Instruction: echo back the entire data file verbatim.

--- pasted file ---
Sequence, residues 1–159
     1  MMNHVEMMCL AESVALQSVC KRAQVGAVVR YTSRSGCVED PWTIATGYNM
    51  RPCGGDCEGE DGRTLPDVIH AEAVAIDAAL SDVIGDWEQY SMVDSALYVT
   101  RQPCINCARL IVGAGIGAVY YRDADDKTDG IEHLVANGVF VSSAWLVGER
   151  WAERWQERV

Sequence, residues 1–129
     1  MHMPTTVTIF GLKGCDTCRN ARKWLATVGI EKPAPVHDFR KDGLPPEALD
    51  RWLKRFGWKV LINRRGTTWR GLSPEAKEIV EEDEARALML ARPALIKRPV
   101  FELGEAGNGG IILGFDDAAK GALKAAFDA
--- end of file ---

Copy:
Sequence, residues 1–159
     1  MMNHVEMMCL AESVALQSVC KRAQVGAVVR YTSRSGCVED PWTIATGYNM
    51  RPCGGDCEGE DGRTLPDVIH AEAVAIDAAL SDVIGDWEQY SMVDSALYVT
   101  RQPCINCARL IVGAGIGAVY YRDADDKTDG IEHLVANGVF VSSAWLVGER
   151  WAERWQERV

Sequence, residues 1–129
     1  MHMPTTVTIF GLKGCDTCRN ARKWLATVGI EKPAPVHDFR KDGLPPEALD
    51  RWLKRFGWKV LINRRGTTWR GLSPEAKEIV EEDEARALML ARPALIKRPV
   101  FELGEAGNGG IILGFDDAAK GALKAAFDA